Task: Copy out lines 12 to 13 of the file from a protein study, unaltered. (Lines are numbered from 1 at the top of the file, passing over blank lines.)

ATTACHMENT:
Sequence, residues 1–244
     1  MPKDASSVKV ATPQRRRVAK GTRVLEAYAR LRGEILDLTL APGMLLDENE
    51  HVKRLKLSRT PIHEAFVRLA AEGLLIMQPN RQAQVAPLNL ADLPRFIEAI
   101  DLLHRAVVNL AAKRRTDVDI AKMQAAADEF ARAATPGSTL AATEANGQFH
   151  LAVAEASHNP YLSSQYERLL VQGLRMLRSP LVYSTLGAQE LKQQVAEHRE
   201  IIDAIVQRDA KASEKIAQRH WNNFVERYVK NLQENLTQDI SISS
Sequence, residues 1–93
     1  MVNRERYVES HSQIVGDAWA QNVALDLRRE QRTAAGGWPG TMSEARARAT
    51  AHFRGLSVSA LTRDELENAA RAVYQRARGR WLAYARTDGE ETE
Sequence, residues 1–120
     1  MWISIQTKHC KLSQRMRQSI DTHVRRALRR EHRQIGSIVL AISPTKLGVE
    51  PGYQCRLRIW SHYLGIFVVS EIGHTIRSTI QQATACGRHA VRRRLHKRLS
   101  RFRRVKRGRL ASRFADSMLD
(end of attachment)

    51  PGYQCRLRIW SHYLGIFVVS EIGHTIRSTI QQATACGRHA VRRRLHKRLS
   101  RFRRVKRGRL ASRFADSMLD